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From east to west, it begins near the Field of Mars, crosses the Moika River at the First Sadovy Bridge, then passes over Spassky Island, the Kryukov Canal (at the Staro-Nikolsky Bridge), and Pokrovsky Island, before finally ending at the junction of the Griboyedov Canal and the Fontanka River. The section from the Moika to Gorokhovaya Street belongs to the Central District of the city, and the rest, to the Admiralteysky District. The street is 4376 m in length and about 8 m in width, and the distance between the buildings can be up to 18 m.
The street has great cultural and historical significance, passing by many historical and architectural monuments from the 18th, 19th, and 20th centuries, including the Mikhailovsky, Vorontsov, and Moika (Yusupov) palaces. The street serves many important transportation functions, linking the central areas of the city, and is home to many markets, including Gostiny Dvor, Apraksin Dvor, and the Hay Market. Among the figures in Russian history who lived on Sadovaya are Dmitry Milyutin, Aleksey Kuropatkin, Mikhail Lermontov, Demyan Bedny, Ivan Krylov, Mikhail Petrashevsky, Yuri Lisyansky, Apollon Maykov, Yevgeny Tarle, and Sergei Prokofiev.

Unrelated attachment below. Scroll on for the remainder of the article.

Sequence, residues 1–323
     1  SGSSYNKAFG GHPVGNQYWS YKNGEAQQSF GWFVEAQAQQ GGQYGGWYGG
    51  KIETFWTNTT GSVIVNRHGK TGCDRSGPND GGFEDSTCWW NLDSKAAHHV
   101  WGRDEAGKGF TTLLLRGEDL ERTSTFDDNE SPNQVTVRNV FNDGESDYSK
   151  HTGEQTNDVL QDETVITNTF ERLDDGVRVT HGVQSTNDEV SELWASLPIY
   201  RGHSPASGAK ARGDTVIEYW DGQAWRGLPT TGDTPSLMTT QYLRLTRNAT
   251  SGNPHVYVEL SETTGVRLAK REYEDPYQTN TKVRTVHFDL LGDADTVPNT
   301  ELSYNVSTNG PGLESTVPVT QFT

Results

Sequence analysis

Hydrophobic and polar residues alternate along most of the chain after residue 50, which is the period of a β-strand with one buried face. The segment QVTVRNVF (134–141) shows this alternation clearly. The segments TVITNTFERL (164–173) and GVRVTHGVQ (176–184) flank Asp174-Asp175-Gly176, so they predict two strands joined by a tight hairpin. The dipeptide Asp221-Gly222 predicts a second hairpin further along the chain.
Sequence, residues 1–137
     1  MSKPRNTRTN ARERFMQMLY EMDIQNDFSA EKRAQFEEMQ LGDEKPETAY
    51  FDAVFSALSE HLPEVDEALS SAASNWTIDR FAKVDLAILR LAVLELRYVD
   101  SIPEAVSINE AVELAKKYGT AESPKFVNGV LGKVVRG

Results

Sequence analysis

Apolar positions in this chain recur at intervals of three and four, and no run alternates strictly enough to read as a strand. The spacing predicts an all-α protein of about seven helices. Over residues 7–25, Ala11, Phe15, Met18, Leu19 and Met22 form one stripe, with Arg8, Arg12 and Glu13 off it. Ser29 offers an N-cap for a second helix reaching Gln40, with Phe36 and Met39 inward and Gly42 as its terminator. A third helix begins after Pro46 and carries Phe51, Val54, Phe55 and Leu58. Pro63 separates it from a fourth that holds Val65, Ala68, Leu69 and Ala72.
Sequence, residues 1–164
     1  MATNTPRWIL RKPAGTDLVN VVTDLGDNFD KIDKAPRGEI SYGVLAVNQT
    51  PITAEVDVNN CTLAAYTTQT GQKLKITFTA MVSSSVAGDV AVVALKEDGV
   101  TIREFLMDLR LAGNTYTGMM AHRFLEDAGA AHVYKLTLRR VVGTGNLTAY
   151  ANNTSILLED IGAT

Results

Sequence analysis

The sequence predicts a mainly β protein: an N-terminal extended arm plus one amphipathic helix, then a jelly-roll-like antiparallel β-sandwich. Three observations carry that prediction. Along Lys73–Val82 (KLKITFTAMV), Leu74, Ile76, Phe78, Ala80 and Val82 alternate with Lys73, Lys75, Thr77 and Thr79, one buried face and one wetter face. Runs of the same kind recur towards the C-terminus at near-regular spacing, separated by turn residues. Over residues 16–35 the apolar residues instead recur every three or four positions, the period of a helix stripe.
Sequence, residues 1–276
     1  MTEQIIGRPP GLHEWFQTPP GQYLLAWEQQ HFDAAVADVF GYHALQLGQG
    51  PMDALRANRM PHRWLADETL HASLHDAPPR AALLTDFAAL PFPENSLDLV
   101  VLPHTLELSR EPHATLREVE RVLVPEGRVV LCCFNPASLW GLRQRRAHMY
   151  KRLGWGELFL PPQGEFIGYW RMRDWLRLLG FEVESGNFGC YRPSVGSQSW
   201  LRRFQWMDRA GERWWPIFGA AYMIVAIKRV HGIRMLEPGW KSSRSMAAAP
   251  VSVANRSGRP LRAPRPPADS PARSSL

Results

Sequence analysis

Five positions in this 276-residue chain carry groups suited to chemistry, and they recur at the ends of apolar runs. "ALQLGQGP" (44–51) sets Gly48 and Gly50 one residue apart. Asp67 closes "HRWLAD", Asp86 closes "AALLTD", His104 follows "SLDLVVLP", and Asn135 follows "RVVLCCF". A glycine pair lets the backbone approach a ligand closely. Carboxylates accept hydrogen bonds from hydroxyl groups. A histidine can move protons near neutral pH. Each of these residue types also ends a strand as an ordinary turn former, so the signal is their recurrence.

The street was laid out ca. 1710. It runs from Nevsky Prospekt to the Gorokhovaya Street. The street was filled with wealthy estates, with large gardens, from where the street got its name. Later on, ca. 1730, the street was being built on to the southwestern direction, and two squares were built; Sennaya Square and Turgenev Square. Later on, ca. 1820, the street was being built northwards on to the Field of Mars. Garden Street was the trading center of Saint Petersburg in the 18th to the 19th century.
The Garden Street is a major transport hub. There's trolleys, tramways, buses and marshrutkas. The street is served by three stations of the Saint Petersburg Metro: Sennaya Ploshchad, Sadovaya, and Gostiny Dvor.
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